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Congestive Heart Failure And Left Ventricular Dysfunction Complicating Doxorubicin Therapy. Seven-year Experience Using Serial Radionuclide Angiocardiography.
Published 1987 · Medicine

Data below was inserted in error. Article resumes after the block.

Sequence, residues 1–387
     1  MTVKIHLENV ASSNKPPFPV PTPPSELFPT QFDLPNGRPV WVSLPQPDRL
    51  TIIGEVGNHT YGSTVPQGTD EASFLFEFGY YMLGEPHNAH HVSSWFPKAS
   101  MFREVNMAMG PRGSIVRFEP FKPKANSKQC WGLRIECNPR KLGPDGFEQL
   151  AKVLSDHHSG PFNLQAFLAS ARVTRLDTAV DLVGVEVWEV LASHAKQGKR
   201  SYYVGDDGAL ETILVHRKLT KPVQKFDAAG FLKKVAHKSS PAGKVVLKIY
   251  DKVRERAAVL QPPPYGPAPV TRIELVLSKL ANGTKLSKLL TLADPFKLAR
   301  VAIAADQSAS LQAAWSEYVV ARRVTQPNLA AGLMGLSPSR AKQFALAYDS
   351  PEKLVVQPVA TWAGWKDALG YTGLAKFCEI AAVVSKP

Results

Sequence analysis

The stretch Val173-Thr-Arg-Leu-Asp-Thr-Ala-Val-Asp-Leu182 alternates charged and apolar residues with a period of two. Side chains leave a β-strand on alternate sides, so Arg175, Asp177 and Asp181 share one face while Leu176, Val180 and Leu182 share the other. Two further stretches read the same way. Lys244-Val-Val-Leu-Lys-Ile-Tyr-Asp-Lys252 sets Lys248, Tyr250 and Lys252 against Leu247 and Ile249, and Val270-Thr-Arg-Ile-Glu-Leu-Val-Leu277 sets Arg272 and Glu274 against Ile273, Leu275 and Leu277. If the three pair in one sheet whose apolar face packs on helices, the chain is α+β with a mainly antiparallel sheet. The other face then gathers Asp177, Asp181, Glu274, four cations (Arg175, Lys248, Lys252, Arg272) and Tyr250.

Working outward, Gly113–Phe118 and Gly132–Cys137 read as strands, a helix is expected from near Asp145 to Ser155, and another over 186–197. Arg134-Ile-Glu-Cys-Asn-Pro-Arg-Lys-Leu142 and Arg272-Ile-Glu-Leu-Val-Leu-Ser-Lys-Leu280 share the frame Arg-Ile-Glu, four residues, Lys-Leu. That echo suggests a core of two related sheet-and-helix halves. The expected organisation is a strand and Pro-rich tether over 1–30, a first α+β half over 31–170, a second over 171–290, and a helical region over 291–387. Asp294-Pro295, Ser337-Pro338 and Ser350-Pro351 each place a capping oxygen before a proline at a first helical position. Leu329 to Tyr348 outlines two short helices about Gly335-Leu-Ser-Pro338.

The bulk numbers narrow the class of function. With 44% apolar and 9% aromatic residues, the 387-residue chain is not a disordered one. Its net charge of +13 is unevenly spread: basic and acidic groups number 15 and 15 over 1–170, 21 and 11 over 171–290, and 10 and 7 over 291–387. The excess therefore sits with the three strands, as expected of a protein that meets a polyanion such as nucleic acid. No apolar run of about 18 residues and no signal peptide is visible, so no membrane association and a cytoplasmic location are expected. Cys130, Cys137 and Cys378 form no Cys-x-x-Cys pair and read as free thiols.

To impact on the development of clinical congestive heart failure as a complication of doxorubicin therapy, left ventricular ejection fraction was monitored with serial resting radionuclide angiocardiography in 1,487 patients with cancer over a seven-year period in both university and community hospital environments. A high-risk subset of 282 patients was selected for retrospective analysis of their clinical outcome. High-risk patients were identified by one or two of the following three criteria: decline of 10 percent or more in absolute left ventricular ejection fraction from a normal baseline to 50 percent or less; high cumulative dose of doxorubicin (more than 450 mg/m2); abnormal baseline left ventricular ejection fraction (less than 50 percent). Clinical congestive heart failure occurred in 46 (16 percent) during the treatment period, and in an additional three patients (1.3 percent) at last follow-up examination 11.8 +/- 14.2 months following discontinuation of doxorubicin. Total cumulative dosages of doxorubicin that precipitated congestive heart failure (75 to 1,095 mg/m2) and those that did not (30 to 880 mg/m2) varied widely. Decline of 10 percent or more in absolute left ventricular ejection fraction to a value of 50 percent or less preceded administration of the final dose of doxorubicin that precipitated clinical congestive heart failure in the majority of patients in whom congestive heart failure developed. Clinical congestive heart failure improved in 87 percent given routine therapy with digitalis, diuretics, and/or vasodilators. Criteria for monitoring left ventricular ejection fraction and discontinuing doxorubicin were formulated. The occurrence of clinical congestive heart failure was compared in those patients whose management was concordant with proposed criteria (Group A) and in those whose management was not (Group B). Group A had a lower incidence of congestive heart failure compared with Group B (2.9 percent versus 20.8 percent, p less than 0.001) and had only mild congestive heart failure that resolved with treatment (n = 2) and no deaths due to congestive heart failure. Multivariate analysis with proportional-hazards regression (Cox's model) demonstrated a fourfold reduction in the incidence of congestive heart failure independent of other clinical predictor variables in those patients whose management was concordant with proposed guideline criteria. The incidence, persistence, late development, predictability, and reversibility of clinical congestive heart failure were comparable in university and community hospital settings.(ABSTRACT TRUNCATED AT 400 WORDS)